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24th November 2015

Students walk out in support of refugees and international students

The NUS organised a day of action which included students walking out of lectures to show solidarity for refugees

On Tuesday the 17th of November, a small collection of students left their lectures and seminars to protest in support of migrants, refugees and international students. The protest was organised at nationwide level by the NUS with the support of the National Campaign Against Fees and Cuts (NCAFC).

Students from universities across the UK, including London, Glasgow, Edinburgh, Reading, Liverpool and Birmingham, joined the protest. To show support to the walkout, they tweeted using the hashtag #students4migrants.

Explaining the purpose and the importance of this protest, NCAFC said: “The day, called under the banner ‘International Students’ Campaign Day of Solidarity’ aims to encourage all students to stand in solidarity with migrants and tackle anti-migrant rhetoric and policies in the UK. Students will be walking out of classes and holding rallies, demonstrations and stunts in support of this.”

The University of Manchester Students’ Union organised the walkout at 12pm, encouraging the students to speak out their support to the cause also in class. A gathering of students was arranged outside University Place at 12:30 to manifest with banners and megaphones.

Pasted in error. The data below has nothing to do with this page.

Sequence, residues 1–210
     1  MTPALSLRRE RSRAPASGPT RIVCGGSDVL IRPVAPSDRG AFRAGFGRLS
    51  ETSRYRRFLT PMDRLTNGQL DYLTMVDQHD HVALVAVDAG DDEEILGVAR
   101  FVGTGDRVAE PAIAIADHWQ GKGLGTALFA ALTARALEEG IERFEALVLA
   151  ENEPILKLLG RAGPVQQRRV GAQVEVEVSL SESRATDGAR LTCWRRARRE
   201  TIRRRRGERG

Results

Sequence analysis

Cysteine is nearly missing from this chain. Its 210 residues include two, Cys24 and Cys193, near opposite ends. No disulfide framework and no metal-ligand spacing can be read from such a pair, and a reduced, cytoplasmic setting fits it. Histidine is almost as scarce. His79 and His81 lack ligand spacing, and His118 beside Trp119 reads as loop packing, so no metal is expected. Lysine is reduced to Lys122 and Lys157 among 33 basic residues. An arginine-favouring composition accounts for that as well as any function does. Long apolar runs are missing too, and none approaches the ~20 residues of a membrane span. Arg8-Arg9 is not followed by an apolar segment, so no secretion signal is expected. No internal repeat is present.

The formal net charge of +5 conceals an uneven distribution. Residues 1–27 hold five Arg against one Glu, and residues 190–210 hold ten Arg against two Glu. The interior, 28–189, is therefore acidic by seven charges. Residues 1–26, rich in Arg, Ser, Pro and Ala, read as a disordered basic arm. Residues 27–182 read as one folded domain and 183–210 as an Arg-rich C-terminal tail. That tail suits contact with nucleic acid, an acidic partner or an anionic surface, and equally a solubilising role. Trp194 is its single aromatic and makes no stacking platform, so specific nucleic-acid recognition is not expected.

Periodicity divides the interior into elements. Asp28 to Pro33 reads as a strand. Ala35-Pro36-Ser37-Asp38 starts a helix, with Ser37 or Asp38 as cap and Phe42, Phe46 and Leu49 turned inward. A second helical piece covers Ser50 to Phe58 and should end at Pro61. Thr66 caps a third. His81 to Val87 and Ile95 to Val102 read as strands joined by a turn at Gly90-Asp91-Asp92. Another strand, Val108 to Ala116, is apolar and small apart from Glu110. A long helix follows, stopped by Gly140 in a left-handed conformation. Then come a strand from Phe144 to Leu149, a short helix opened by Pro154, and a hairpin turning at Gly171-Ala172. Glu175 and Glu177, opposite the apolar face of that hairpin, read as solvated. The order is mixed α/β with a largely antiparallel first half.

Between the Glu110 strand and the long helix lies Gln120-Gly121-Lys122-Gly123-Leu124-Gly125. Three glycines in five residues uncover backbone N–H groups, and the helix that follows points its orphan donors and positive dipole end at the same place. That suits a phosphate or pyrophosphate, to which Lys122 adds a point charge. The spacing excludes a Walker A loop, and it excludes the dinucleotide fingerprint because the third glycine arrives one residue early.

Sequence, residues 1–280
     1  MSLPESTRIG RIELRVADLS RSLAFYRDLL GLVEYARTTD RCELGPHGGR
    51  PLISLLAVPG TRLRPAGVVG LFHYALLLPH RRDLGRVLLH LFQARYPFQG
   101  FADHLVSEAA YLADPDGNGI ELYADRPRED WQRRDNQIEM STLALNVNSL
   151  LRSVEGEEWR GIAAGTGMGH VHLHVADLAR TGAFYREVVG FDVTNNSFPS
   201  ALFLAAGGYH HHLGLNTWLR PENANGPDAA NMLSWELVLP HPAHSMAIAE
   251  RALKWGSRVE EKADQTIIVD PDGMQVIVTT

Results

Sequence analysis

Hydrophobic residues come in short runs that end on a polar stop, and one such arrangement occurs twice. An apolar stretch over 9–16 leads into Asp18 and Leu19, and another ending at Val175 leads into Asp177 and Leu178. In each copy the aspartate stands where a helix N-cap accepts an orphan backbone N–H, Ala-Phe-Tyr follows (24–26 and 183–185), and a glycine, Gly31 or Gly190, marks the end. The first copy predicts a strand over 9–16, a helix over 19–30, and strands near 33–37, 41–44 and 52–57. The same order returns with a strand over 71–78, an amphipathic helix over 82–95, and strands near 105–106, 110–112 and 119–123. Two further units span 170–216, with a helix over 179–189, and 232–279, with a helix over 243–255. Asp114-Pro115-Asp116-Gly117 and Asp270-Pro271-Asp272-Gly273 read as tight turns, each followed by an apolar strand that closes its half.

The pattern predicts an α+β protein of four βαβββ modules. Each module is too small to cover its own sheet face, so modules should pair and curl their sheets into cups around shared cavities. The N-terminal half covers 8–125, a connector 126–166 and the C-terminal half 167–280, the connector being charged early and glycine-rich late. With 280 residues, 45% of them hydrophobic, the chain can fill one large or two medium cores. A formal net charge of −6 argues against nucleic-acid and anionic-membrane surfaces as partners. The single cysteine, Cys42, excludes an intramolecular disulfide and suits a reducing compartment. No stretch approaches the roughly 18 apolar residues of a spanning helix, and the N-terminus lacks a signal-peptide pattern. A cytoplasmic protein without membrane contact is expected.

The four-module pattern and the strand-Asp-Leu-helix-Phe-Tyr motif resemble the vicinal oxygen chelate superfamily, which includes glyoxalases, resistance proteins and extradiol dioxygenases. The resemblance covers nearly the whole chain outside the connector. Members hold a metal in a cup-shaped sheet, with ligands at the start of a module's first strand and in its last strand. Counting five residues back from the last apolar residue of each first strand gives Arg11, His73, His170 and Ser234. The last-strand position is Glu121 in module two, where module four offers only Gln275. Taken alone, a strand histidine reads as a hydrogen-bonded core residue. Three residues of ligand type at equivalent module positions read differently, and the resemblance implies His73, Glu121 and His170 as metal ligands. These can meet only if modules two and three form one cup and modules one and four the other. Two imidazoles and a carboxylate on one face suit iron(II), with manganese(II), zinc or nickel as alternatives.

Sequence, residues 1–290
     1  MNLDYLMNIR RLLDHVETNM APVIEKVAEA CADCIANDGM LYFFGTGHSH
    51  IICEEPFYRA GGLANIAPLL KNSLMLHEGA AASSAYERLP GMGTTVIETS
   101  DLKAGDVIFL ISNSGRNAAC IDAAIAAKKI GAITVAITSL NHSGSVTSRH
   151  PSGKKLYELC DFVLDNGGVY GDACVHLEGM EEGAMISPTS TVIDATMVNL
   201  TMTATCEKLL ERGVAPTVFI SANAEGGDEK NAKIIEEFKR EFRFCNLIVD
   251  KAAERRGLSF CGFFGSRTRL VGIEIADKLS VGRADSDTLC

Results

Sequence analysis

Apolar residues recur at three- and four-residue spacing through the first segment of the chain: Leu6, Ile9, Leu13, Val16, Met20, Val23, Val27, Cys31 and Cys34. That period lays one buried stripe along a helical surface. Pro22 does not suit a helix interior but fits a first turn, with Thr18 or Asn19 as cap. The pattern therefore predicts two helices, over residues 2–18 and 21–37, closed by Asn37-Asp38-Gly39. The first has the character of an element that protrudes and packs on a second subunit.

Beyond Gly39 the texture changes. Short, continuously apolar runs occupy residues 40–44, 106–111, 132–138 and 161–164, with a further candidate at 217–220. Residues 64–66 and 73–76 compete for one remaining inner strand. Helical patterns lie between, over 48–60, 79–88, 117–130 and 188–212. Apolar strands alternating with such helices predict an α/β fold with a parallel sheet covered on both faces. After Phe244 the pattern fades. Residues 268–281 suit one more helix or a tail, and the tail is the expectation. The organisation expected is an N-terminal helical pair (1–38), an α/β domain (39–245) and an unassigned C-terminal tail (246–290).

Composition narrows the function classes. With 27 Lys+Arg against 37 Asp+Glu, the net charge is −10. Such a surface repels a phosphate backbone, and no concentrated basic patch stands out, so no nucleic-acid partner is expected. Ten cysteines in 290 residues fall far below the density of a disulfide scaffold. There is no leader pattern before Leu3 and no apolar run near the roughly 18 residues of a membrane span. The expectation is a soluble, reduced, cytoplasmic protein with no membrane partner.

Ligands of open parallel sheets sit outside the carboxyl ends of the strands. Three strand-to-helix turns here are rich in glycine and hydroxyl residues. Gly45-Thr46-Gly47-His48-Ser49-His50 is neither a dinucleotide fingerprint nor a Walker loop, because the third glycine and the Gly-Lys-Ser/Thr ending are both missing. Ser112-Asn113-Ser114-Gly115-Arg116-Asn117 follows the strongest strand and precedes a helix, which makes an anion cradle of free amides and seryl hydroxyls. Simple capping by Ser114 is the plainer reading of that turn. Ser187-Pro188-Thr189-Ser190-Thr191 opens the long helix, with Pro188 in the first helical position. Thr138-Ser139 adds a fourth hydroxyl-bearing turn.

The message of this protest was to encourage students to take action to respond to the new immigration policies, which are affecting international students, as they represent a big portion of migrants in the UK.

Mostafa Rajaai, NUS International Students’ Officer, said: “We want to send a clear message to the government that students in this country overwhelmingly reject the attitude and direction that the UK has adopted regarding immigration.

“The failure to respond adequately to the refugee crisis, the mistreatment of international students and the constant attacks on migrants’ rights are all part of the wider anti-migrant sentiment which is on the rise in the UK political establishment.”

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